Ukraine went retro to commemorate the 100th anniversaries of the
Ukrainian Revolution of 1917 to 1921 and the first Ukrainian paper money.
At the end of December, the National Bank of Ukraine issued a
souvenir bill called “One Hundred Karbovantsiv” that the bank says
duplicates the design of the first Ukrainian bank note in 1917 as
designed by Georgy Narbut. The note measures 80 millimeters by 170
millimeters in size and is printed on a special security paper made of
flax fibers and cotton cellulose.
The main image of the face side is a 1917 state credit note with the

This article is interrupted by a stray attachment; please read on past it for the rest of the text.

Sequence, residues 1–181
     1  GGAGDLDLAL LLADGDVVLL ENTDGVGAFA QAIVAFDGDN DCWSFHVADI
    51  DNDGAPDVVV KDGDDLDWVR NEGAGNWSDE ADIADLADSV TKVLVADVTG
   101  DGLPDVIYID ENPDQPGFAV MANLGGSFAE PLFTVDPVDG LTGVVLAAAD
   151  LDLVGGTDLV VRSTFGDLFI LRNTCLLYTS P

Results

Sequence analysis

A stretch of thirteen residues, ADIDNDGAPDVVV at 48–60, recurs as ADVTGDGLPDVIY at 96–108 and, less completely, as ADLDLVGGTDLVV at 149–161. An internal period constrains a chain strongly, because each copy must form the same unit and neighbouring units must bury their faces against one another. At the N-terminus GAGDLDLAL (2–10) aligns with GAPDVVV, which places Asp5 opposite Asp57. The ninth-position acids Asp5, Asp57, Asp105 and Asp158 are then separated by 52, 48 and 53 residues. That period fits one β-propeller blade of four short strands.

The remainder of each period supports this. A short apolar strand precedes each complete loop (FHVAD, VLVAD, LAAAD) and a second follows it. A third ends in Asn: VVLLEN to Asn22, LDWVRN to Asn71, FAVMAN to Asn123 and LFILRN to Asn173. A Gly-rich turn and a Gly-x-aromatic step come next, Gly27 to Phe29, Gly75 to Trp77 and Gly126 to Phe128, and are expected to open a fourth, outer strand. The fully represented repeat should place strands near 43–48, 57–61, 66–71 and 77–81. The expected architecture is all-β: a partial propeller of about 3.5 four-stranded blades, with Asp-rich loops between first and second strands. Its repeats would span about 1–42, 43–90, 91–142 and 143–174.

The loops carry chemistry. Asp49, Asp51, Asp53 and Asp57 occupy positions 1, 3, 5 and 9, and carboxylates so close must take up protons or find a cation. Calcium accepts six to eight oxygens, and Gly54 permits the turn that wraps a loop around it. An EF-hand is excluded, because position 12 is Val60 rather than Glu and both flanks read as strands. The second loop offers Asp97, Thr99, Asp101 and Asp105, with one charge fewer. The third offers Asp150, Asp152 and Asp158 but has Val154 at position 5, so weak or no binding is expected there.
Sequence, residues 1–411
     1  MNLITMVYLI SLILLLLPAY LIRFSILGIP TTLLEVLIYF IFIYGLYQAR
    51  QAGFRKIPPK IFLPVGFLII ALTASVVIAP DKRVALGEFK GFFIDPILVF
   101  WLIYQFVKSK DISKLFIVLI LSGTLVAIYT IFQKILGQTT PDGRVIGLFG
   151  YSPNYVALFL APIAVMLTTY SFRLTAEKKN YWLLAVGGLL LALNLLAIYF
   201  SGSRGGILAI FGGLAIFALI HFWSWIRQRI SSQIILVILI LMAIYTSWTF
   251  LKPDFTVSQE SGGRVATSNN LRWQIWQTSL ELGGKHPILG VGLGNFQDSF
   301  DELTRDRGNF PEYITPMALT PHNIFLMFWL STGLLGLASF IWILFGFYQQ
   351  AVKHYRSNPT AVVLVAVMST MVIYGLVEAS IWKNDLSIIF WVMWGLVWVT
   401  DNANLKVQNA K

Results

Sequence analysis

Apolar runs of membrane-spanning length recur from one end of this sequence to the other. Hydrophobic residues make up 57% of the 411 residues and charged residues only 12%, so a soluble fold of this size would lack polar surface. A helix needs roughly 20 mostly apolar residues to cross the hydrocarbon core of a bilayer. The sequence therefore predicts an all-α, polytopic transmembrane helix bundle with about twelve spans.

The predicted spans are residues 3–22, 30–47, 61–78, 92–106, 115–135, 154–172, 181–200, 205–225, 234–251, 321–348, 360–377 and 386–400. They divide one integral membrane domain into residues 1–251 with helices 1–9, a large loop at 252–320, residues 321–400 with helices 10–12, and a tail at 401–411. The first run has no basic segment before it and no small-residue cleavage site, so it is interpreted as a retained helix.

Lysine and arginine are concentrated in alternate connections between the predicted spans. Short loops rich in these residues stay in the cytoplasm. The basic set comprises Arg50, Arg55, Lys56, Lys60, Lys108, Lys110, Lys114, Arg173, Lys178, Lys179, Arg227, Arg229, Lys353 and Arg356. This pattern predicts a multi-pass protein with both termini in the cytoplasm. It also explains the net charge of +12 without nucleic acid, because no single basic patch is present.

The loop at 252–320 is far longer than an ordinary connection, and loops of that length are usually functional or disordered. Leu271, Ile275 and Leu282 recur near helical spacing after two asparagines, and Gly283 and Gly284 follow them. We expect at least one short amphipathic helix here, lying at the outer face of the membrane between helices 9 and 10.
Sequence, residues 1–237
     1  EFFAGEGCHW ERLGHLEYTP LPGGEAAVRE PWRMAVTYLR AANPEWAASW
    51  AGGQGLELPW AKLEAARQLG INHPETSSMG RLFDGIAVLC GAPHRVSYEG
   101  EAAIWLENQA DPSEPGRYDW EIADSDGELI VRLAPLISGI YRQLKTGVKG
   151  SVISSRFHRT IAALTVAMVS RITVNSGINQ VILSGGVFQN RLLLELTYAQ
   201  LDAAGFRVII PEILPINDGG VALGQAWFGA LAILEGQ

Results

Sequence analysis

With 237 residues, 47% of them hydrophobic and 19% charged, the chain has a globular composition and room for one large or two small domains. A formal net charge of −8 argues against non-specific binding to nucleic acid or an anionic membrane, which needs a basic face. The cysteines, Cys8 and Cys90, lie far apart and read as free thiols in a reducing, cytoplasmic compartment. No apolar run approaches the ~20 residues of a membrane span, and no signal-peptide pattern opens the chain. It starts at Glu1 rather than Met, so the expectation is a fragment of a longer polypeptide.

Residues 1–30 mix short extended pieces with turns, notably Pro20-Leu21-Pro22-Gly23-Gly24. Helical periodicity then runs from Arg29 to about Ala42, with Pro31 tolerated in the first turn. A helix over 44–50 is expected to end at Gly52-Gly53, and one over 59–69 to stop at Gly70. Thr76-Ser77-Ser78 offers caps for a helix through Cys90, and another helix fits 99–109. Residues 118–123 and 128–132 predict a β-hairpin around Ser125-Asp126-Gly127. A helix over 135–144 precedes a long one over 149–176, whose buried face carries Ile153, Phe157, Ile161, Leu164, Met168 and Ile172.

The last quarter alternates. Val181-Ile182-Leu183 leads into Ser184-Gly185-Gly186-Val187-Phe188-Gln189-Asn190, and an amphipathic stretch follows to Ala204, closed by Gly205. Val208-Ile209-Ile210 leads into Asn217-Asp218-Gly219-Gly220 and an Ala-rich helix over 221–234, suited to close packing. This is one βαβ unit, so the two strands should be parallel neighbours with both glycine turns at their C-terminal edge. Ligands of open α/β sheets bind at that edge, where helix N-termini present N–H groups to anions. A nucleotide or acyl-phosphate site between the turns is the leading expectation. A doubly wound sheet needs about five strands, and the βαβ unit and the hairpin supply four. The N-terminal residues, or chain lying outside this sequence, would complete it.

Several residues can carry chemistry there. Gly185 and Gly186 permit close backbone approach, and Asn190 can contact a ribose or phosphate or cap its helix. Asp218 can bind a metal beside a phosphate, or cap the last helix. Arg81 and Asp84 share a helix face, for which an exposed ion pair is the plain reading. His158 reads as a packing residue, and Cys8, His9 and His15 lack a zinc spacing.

denomination expressed in Cyrillic in the center. Above the
inscription on the left, and in the center, is a trident, a historic
Ukrainian symbol dating back to the coins issued by Prince Volodymyr
the Great (980 to 1015), and that would become the Ukrainian state
emblem in 1918.
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The face value of 100 karbovantsiv appears four times on the back of
the note and reflects the diversity of the country’s population at the
time. The denomination is expressed in numerals in the center, in
Russian at the top left, Polish at the top right, and Yiddish at the
bottom center. Specialist Dmitry Markov explained that “Jews were
still a large part of population and could not be ignored.” The
language also appears on other notes of Ukraine and Belorussia.
The total printing was 80,000 notes, with 20,000 placed in
commemorative folders and sold by the bank for 156 hryvnias, or $5.40, each.